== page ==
‘For you, maybe, but not for me,’ she shrieked. ‘I only knew the crawl of time as it pressed upon me and held me in place forever until that moment when I climbed free from the grave.’
She hit him harder.
‘I only knew the crawl of worms as my flesh fell away and I watched myself disintegrate until my eyes themselves were gone away and I could see no more only feel.’
Eventually the Million became too much even for this put-upon city and so the cull began. Like rabbits or badgers or kangaroos or any other vermin that threaten to overrun their environment, it became necessary to trap and snare and corner the corpses in order to start disposing of them. For small groups it was a simple affair for Army units with flamethrowers to set the corpses on fire and cremate them where they gathered. However, for the rest, something more drastic was required.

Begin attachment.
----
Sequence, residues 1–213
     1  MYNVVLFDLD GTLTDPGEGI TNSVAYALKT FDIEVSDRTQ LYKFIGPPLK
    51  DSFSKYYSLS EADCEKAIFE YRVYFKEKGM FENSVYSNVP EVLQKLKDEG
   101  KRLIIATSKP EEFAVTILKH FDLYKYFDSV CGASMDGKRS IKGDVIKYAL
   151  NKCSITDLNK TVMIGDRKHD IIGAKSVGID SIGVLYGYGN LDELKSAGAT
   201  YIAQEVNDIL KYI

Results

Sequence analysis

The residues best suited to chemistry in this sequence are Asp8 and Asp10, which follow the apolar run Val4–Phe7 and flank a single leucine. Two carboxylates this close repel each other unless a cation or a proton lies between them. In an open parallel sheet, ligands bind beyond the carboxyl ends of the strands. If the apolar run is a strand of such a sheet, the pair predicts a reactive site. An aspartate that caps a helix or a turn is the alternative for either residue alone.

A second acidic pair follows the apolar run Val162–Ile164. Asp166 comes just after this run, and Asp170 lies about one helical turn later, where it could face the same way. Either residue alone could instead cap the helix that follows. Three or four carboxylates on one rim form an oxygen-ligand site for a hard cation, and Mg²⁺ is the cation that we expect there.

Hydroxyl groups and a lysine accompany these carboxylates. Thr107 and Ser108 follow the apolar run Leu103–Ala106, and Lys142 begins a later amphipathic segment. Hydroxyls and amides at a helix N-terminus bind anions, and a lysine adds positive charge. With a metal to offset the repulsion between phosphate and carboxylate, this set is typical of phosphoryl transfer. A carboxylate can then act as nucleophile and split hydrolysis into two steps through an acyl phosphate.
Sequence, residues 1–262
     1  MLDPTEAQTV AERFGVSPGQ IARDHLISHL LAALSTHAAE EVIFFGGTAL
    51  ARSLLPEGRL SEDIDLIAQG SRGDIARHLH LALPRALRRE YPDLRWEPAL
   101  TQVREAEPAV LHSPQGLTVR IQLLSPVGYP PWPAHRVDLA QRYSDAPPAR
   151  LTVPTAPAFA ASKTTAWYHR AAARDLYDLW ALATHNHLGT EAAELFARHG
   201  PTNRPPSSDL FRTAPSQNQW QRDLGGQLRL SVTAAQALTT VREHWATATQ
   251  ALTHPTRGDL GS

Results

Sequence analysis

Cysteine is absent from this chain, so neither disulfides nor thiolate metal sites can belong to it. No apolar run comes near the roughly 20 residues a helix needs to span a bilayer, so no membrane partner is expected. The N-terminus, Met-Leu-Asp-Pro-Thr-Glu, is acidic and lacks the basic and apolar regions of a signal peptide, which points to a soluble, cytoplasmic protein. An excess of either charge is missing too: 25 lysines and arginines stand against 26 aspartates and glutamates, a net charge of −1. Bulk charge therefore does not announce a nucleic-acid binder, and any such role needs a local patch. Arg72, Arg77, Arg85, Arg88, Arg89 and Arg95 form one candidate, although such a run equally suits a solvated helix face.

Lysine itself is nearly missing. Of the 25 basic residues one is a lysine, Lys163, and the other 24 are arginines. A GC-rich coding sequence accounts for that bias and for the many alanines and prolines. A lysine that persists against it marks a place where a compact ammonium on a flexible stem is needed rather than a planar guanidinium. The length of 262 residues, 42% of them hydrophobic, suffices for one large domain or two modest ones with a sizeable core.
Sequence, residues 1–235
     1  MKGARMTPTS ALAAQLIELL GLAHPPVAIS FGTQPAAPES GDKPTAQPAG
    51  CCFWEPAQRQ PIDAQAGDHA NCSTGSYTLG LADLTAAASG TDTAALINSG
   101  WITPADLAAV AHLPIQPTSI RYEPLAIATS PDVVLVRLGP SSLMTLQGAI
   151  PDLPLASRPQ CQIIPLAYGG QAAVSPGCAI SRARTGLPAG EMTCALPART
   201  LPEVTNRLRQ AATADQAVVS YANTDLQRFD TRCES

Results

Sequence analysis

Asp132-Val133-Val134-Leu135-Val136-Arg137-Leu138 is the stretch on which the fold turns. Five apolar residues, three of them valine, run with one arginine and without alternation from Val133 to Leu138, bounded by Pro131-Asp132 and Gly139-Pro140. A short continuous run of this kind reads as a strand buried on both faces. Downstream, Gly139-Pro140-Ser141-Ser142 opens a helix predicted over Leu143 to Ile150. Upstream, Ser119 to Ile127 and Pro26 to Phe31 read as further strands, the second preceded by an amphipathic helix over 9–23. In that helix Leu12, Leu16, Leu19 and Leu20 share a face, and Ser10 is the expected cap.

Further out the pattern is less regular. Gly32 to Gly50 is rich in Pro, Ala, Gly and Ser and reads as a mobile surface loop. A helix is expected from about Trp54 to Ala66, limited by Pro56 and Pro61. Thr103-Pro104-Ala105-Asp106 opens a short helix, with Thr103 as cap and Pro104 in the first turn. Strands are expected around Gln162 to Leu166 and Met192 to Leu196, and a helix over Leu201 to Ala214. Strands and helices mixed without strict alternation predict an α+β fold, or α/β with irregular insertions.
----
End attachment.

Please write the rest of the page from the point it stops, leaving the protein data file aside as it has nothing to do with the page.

The city’s fire appliances were mobilised and drove slowly through the city looking for large groups of corpses to gather together. Slowly, and as if they were herding sheep, the fire engines drove these groups before them using their water cannons. Any stragglers were simply incinerated or crushed beneath the tracks of a unit of Scorpion tanks deployed to support the round up.
North of the river the corpses were herded onto the motorway and then forced towards the airport. Three of the runways had been commandeered for the cull and as the corpses were pushed onto the runways they were sprayed with aviation fuel from a line of tankers and then incinerated from a safe distance. The fires burned for a day and a half and the plumes of smoke were visible in all directions, hanging heavy in the air like mournful clouds.
South of the river the remaining parts of the Million were driven down to the quays and then along towards the docks. Helicopters hovered above the streets and the images on the television showed thousands and thousands of angry corpses shouting and berating as they headed towards their second doom like some perverted public parade. Once at the docks, the corpses were forced down a funnel made from containers, sprayed with fuel and then ignited and driven into the water.